When I last posted about this dress, it felt as though there had been a lot of sewing for very little effect. However the rest of it came together quite easily. As ever, I hand-picked the zip, then attached the collar to the dress. It fastens with hooks and eyes at the back.
I wasn't entirely happy with the buttons which I had bought for this dress, but they were the best I could find at home. Then when I was in Somerset in March I came across this fabulous wool shop in Wells. It looks tiny from the outside but don't be deceived; inside it opens up into a surprisingly large space crammed with wools and haberdashery, including an extensive stock of buttons. I found the perfect buttons for this dress, and for my next project, too.
|Collar and buttons|
Most of the dresses and blouses I make have short or three-quarter sleeves, so it's a long time since I have made anything which required sleeve plackets and cuffs. In fact, when I checked I discovered that it was almost five years; I made my Folkwear Armistice Blouse in August 2013. Happily my technique for hand-sewn buttonholes has improved a lot since then.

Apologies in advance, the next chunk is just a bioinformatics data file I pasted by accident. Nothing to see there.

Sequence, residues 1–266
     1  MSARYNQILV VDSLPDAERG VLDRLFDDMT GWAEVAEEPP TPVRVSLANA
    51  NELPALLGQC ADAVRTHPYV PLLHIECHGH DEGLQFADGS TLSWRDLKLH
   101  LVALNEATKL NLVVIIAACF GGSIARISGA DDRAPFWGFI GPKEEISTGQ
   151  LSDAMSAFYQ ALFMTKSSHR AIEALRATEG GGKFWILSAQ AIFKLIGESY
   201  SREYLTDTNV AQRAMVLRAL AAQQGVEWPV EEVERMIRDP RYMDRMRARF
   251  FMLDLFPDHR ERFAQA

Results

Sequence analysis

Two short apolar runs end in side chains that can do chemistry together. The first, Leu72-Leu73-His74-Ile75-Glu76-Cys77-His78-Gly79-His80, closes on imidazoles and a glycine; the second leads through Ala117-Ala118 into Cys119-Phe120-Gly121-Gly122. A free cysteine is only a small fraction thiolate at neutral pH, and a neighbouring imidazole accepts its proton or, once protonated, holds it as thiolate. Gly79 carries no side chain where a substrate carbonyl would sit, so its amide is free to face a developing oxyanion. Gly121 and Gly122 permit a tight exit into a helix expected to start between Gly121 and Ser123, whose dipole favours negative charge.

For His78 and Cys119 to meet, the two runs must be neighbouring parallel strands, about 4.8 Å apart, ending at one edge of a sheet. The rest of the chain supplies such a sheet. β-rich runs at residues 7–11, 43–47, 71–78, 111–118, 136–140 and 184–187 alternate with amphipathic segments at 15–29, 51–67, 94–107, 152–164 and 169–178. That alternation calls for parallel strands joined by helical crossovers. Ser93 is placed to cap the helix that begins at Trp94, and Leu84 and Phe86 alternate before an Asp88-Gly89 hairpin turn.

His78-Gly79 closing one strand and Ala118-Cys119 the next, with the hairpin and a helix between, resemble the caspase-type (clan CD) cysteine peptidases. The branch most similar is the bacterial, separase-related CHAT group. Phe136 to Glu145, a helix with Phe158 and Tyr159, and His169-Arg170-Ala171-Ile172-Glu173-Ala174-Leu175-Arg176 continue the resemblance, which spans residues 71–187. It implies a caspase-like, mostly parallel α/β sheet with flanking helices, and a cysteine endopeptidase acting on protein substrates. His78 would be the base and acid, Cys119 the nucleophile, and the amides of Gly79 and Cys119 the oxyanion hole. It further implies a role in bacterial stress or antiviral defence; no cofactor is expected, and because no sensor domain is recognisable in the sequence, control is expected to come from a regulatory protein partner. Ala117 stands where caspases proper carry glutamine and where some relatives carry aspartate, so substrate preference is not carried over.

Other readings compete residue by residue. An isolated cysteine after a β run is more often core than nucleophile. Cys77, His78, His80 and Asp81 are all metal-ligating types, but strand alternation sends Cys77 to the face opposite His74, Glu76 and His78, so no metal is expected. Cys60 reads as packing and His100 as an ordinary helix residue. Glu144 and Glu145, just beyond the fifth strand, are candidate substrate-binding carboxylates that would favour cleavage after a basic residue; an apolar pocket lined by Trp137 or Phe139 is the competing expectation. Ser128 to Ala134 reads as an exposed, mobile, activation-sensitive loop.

|Perfect button and reasonable buttonhole|
So here is the finished dress, and the first part of my 2018 pledge to make up at least three of my vintage patterns from the period 1960 - 1989 (the pattern dates from 1967). The verdict on my first foray into a new (for me) time period? Well, I'm not entirely happy with the braid placement; because I used five rows of narrower braid rather then four of a wider one, I think that the shaping around the bust darts is far more noticable than on the original.
|How the braid placement should look|
I made the dress longer than the illustration, but now that I know that it it destined to always be worn with thick tights, I might shorten it. The collar feels quite snug by modern standards, although you soon get used to it. But it is very comfortable dress, and I expect it will get a lot of wear. In the autumn!
|The finished dress|